Thanks to Darren Ford’s ankle sprain, it sounds like the Giants will soon have a roster spot open up. However, manager Bruce Bochy said Wednesday that a move involving Brandon Belt isn’t likely.
“To be honest, Belt is more of a longshot,” Bochy told the San Francisco Chronicle. “What we’re looking for is more of a bench type player and more depth, a pinch-hitter.”
Belt, who struggled as the Giants’ first baseman while Cody Ross was on the DL last month, is batting .351/.484/.546 with four homers and 21 RBI in 30 games for Triple-A Fresno. He’s dominated righties to the tune of a .394/.531/.606 line.
With the Giants struggling to score runs, bringing up Belt and using him as a platoon left fielder would make sense. However, the Giants don’t want to go that route yet. They’re certainly a far better defensive team with Nate Schierholtz in right and Ross in left, an alignment they’ve been using more frequently lately.
Besides, even though they’re dead last in the NL in runs scored, the Giants are sitting in first place in the NL West with a 27-20 record. And their road to returning to the playoffs appeared to get a little smoother with Tuesday’s news that the Rockies’ Jorge De La Rosa would need Tommy John surgery.
Athletics southpaw Sean Manaea delivered his first career no-hitter against the Red Sox in a decisive 3-0 victory on Saturday night. Any thought of a perfect game was banished in the first at-bat, when Mookie Betts drew a leadoff six-pitch walk to open the first inning. From there, Manaea was nearly flawless, holding the Sox to four total baserunners and striking out 10 of 30 batters faced — a career record.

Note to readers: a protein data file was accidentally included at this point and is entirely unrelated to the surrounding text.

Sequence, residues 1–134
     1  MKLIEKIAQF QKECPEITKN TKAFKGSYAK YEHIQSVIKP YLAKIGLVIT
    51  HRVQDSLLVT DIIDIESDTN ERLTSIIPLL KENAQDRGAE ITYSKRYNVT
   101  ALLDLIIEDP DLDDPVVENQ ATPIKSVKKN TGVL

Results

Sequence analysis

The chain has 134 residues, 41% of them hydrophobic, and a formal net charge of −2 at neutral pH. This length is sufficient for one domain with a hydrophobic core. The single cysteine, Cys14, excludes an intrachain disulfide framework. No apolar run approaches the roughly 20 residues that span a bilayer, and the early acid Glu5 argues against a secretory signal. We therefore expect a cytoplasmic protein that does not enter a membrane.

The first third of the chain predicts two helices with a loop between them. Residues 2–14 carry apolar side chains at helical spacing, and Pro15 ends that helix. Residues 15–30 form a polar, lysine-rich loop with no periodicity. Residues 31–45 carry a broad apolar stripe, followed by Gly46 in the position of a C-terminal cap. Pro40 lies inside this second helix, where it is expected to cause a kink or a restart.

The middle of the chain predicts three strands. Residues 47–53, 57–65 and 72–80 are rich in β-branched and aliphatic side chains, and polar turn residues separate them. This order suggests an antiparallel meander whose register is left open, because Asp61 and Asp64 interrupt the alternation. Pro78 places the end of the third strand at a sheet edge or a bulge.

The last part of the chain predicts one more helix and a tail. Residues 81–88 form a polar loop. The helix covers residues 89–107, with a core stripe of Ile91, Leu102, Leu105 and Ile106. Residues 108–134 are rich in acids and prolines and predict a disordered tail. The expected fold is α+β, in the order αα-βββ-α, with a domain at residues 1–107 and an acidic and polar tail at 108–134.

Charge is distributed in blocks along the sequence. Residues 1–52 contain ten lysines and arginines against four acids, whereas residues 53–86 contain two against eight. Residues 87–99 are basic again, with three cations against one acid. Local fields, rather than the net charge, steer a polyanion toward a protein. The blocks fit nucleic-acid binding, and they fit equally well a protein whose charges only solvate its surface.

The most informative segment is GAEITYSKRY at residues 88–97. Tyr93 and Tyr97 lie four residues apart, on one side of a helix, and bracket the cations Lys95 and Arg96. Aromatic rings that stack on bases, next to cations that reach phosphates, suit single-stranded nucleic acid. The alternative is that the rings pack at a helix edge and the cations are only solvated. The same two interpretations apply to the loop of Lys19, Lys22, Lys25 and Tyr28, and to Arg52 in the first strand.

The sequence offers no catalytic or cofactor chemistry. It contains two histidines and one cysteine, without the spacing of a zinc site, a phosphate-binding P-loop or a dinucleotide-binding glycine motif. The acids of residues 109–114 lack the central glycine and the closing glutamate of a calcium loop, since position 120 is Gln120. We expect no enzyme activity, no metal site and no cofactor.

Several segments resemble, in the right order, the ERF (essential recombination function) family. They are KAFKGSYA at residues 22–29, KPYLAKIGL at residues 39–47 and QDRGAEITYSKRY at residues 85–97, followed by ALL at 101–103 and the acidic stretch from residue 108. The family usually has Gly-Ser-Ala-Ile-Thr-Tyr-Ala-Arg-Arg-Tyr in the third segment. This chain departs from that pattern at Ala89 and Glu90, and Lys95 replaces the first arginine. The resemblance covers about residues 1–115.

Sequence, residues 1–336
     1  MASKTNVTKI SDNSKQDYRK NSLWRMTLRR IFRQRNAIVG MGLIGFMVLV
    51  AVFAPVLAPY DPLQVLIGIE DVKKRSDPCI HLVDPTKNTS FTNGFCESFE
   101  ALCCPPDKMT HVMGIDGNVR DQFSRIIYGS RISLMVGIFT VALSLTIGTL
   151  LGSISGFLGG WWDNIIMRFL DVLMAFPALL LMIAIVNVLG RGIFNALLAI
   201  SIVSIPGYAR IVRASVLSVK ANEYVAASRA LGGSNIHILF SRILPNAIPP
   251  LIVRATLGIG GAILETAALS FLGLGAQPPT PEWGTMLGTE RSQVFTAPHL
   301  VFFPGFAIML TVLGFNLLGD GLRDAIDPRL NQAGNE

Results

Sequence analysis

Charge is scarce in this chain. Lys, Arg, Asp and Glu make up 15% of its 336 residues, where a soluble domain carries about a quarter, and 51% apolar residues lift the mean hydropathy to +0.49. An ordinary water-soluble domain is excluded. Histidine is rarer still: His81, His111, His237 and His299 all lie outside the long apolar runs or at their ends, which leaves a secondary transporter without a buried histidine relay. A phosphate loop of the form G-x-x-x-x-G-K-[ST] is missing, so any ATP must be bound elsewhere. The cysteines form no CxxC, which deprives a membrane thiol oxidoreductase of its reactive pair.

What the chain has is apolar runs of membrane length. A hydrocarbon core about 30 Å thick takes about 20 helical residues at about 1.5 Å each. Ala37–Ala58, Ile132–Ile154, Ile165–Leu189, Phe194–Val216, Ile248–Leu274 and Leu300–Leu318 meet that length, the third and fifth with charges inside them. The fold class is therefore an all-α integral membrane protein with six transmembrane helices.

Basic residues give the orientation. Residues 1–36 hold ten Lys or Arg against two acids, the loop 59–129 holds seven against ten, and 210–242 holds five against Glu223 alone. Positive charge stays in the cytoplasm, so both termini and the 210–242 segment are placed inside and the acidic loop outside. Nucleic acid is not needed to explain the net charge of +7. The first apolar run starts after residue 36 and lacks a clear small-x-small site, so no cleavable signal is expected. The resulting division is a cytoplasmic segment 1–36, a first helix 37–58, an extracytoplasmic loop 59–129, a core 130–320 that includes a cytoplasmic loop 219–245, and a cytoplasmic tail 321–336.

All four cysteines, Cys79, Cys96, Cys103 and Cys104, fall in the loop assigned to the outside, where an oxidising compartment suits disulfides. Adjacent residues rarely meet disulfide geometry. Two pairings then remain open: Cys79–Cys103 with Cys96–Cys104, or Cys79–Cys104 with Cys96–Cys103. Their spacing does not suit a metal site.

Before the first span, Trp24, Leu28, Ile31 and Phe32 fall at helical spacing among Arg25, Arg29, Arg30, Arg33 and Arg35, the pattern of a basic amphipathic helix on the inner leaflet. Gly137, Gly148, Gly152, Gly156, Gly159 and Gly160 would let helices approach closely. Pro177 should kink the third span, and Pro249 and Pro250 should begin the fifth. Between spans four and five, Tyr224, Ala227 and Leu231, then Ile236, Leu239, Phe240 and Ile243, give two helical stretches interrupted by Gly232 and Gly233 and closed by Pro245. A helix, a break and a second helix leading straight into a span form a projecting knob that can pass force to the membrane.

Manaea was gifted a three-run lead thanks to RBI doubles from Jed Lowrie and Stephen Piscotty and Marcus Semien‘s solo shot off of Chris Sale in the fifth inning. While the Red Sox managed to draw two walks off of Manaea, they didn’t come anywhere close to plating a run. Andrew Benintendi tried to break up the no-no in the sixth inning with an infield hit down the first base line, but strayed out of bounds and later saw his hit reversed on a call of batter interference.
Entering the ninth inning, the 26-year-old lefty was sitting at just 95 pitches through eight frames of no-hit ball. He quickly deposed Blake Swihart and Mookie Betts with a groundout and fly out, then walked Benintendi on seven pitches. Any threat the Red Sox might have posed was soon eliminated, however, as Hanley Ramirez ground into a force out to complete the no-hitter.
Manaea is the first A’s pitcher to toss a no-no since Dallas Braden’s perfect game against the Rays eight years ago. The last time the Red Sox were on the losing end of a no-hitter was also against an AL West rival, when the Mariners’ Chris Bosio clinched a 2-0 no-no on April 22, 1993. Manaea’s feat is even more outstanding given how dominant the Red Sox have looked this season: prior to Saturday’s defeat, they boasted a 17-2 record and had yet to be shut out during the regular season.